Archive for the ‘Backyard Chickens’ Category

We have chickens.  We live in what by Vermont standards is considered an “urban” area.   We have less than 1 acre of land, yet we still have chickens.   It seems almost like an urban legend, but in reality 1 in 3 families raised livestock prior to WWII, regardless of their location.   In the grand scheme of history, WWII was not that long ago.   Everyone knows at least one person who was alive during that time.   Like so many practices of old, urban livestock went the way of the DoDo with industrialization and suburban sprawl.   Why raise a chicken when I could go to my neighborhood grocery store and get one all cleaned and ready to cook and serve?  Why spend a morning collecting eggs when I can pick a dozen up on my way home from work? These are valid questions that I ask myself daily, because, raising backyard chicken’s can be a challenge, but they are worth every minute.  In today’s post I would like to address some of the myths/questions surrounding raising the urban chicken:

1. You cannot have chickens in the middle of a city.  That may not be true.   Take a look at the Backyard Chicken Forum and see what the ordinances are in your state/city.  And yes, there is a Backyard Chicken Forum.  This is the 21st Century, even chickens have an online forum.

2. You need to buy thousands of dollars worth of equipment.  Absolutely not true.  We spent a total of $450 dollars to build a coop, actually purchase the chickens and get heat lamps and feeders.  We brooded our chickens in the old dog crate in the basement.    My husband built the coop from scratch.   In truth, they were pretty easy to raise.

3. Do you really have to clean poop off the chick’s butts? Yes you do.  There really is no way to church that up, other than to tell you that gently washing chicks’ butts with your significant other is truly a bonding experience.  Please note, you should never pull the poop off.   You will definitely take feathers and may even get some intestine.  Pouring warm water over the dried on poop and gently massaging it does the trick.  If you don’t clean the poop the chicks could get really sick and a sick chick becomes a target of his/her brooder mates.  Now that I own chickens I truly understand the meaning of “hen pecked”.   Long story short: Clean the poop.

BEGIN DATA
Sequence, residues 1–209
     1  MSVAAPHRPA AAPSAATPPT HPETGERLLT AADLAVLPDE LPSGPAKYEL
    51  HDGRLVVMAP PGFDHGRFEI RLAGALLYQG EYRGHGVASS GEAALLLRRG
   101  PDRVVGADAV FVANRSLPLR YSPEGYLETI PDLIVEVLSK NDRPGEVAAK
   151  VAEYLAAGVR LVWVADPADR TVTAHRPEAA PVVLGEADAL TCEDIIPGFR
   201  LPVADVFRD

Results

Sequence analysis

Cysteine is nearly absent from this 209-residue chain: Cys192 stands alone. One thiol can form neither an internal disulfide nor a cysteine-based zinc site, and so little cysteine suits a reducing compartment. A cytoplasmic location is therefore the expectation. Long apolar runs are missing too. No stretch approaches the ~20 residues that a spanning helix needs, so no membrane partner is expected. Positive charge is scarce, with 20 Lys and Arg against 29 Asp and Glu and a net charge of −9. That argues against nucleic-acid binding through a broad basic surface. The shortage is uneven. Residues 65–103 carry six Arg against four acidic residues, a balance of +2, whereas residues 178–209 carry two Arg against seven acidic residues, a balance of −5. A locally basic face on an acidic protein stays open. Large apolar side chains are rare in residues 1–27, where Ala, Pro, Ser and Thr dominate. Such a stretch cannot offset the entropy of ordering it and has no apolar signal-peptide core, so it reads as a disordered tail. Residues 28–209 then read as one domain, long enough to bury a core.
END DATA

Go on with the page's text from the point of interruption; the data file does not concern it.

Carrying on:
4. How do I know what breed of chicken to get? Well I would love to tell you that we did  A LOT of research before we pulled the trigger on owning chickens.  I would love to, but I cannot.  We woke up on a Saturday morning, drove to our local Tractor Supply and researched our chickens by using the little signs on the outside of their display.   The Black Australorp said it was a good layer, good for meat and didn’t mind living in a small space.  Free Range chickens might be a bit much for our neighboors.   Next thing we knew we had 6 girlies in our basement chirping the day away. The moral of the story:  figure out what you want them for, than if you must do some Googleing or visit your local extension, Co-Op or Hardware store.   Let experts help you pick the right chicken for your situation.

5. What on earth to chicken’s eat? Again, check out the Web for some great advice.  Our girlies eat grass, antibiotic free feed, grit, oyster shell and garden greens and bugs.  I think they will start to eat things like oatmeal and other leftovers once the cold weather sets in.  Don’t feed them eggs or chicken, it just seems wrong.   Definitely visit the Backyard Chicken Forum or pick up a Backyard Chicken Magazine.  Both locations have lot’s of amazing tips and tricks.   I will post more sites on here as I continue to do my own research on backyard livestocking.


6.  What do we do with them in the winter?  I don’t know.  I will get back to you in a couple of months with what we do.


So when all is said in done, if you are interested in having your own fresh eggs, a little feathered entertainment and just a fun overall summer project but live in a less than rural setting, don’t give up hope.  The legend of the Urban Chicken can become a reality in your backyard just like it has in ours.




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Hooray for the first egg


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